Conclusion
In conclusion -- Can it not be then that sa meant 'pasture' or grassland in Old Persian? The acceptance of this definition will then open the mystery of the place-name Zadrakarta. This was the capital of Hyrcania (Mazandaran and Astarabad) in Achaemenian times and it was where the governor of Hyrcania-Parthia tendered his submission to Alexander. See A. B. Bosworth, Conquest and Empire (Cambridge: Cambridge University Press, 1988), p. 98; Quintus Curtius Rufus, The History of Alexander, translated by John Yardley, with introduction and notes by Waldemar Heckel (Harmondsworth, England: Penguin Books, 1984), p.125 (Quintius Curtius, Book 4:23) and note corresponding with endnote 23. It is identified with present-day area of Gorgan. See Ali-Akbar Dehkhoda, Loghat-Nameh [Dictionary] (Tehran: Tehran University, 1946), vol. 27, p. 23;  Masih Zabihi, "Yaddashatha-i darbareh-e jografiya-i tarikhi-e Gorgan" [Notes on the Historical Geography of Gorgan] in Masih Zabihi, Gogan-Nameh [Book of Gorgan] 2nd ed. (Iraj Afshar, ed.) (Tehran: Entesharat-e Babak 1363/1993-94): 28-66, p. 61;  But see, E. Badian, "Alexander in Iran," in Cambridge History of Iran, vol. 2 (Ilya Gershevitch, ed.) (Cambridge: Cambridge University Press, 1985): 420-501, p. 451 (estimates Zadracarta to be possibly Sari); Soroush Sepehri, "Gorgan va Shahnameh-e Ferdowsi" [Gorgan in Ferdowsi's Book of Kings], in Asad-Allah Imadi, ed., Bazkhani-i Tarikh-i Mazandaran [History of Mazandaran: A Reappraisal] (Sari: Farhangkhaneh Mazandaran, 1372/1994): 99-115, p. 99 (equates it with present day Gonbad-e Qabus, northeast of Gorgan).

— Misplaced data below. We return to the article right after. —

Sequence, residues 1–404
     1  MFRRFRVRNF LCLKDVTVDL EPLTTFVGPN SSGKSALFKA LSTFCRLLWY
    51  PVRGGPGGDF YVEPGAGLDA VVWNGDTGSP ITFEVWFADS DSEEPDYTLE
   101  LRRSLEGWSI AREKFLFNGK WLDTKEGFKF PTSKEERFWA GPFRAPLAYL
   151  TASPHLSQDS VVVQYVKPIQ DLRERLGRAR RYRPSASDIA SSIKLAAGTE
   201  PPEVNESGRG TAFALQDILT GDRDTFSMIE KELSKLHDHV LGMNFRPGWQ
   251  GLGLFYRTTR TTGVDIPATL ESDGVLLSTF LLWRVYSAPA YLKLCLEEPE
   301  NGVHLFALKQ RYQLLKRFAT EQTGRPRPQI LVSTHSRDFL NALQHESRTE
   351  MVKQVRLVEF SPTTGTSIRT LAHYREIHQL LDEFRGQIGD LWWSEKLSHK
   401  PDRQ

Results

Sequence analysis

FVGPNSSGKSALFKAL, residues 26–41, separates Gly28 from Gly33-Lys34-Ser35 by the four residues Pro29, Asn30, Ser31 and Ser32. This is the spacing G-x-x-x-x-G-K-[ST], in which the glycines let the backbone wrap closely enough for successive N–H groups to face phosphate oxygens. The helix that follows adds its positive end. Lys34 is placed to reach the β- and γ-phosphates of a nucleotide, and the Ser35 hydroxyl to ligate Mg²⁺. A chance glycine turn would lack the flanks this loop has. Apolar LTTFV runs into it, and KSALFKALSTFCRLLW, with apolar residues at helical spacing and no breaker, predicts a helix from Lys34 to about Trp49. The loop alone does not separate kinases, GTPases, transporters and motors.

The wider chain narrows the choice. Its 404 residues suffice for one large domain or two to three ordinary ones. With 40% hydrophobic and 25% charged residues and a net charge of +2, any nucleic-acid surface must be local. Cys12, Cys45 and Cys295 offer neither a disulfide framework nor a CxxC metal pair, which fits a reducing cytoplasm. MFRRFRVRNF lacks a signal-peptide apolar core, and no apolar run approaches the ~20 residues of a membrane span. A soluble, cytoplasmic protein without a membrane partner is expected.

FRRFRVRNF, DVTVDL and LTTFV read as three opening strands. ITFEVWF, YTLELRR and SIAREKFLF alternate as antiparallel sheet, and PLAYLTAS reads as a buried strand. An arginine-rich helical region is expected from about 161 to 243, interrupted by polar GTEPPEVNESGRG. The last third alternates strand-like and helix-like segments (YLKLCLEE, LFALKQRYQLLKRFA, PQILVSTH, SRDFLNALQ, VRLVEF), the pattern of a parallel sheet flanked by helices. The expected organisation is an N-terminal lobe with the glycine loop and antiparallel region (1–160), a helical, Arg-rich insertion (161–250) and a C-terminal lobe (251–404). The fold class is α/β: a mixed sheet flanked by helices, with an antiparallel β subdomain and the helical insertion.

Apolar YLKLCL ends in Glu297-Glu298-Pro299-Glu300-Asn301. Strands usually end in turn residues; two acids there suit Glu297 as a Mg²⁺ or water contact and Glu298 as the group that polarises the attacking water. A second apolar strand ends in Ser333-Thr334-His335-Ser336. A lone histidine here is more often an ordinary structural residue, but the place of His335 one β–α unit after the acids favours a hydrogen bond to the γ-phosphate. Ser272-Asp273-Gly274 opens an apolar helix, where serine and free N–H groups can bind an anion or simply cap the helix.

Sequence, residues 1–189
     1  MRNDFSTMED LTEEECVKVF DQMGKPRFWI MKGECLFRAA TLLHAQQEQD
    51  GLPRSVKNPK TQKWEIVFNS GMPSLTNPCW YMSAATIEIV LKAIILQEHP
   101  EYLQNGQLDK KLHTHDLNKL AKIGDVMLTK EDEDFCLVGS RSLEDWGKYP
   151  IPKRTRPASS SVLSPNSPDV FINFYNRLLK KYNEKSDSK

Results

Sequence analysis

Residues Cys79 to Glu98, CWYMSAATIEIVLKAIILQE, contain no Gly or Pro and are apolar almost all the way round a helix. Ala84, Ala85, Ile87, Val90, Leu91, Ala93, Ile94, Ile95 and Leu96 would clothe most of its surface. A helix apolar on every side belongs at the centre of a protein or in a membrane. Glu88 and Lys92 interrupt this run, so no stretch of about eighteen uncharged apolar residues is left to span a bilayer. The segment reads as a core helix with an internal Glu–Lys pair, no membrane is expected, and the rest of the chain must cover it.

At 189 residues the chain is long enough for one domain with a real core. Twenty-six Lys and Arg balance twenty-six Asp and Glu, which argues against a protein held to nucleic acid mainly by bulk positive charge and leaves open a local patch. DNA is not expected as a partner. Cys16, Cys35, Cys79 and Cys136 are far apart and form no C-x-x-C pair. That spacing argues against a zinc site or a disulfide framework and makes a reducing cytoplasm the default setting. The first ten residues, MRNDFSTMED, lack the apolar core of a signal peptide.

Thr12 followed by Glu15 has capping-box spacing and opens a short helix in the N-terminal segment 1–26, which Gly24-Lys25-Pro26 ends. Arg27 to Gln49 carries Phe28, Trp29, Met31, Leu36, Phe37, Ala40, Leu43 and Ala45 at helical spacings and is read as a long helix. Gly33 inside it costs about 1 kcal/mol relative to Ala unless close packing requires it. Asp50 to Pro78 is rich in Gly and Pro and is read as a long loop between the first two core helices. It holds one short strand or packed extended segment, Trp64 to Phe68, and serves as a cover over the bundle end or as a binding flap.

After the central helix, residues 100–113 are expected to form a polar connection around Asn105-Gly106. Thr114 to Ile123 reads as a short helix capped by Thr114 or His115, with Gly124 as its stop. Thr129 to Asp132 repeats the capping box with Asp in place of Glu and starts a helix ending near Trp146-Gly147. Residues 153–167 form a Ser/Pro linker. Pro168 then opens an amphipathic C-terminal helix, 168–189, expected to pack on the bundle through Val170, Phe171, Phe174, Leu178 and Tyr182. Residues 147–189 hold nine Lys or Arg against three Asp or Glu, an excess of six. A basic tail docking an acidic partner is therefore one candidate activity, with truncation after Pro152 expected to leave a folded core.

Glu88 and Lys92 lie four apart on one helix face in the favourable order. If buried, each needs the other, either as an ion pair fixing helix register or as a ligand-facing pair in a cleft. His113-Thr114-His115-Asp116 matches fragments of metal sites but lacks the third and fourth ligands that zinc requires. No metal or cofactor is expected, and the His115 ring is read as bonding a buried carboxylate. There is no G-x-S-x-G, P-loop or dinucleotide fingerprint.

Phonetically at least, in the name one hears the echo of the proto-toponym Sa-karta [= village of Saka], where karta in Old Persian of the Achaemenians meant "village," as in a karta Abiradush nama (a village named Abiradu) in Susa Inscription (Darius Sf, line 46). Consequently, I am inclined to believe that the place-name related to "sa" -- meaning pasture, grassland. That a village could be called "Sa-karta" - i.e., village of pastures -- is not far-flung (viz. Sabzevar in Khorasan). It is then that the people who hailed from Sakarta came to be known to the Achaemenians as Saka, for short.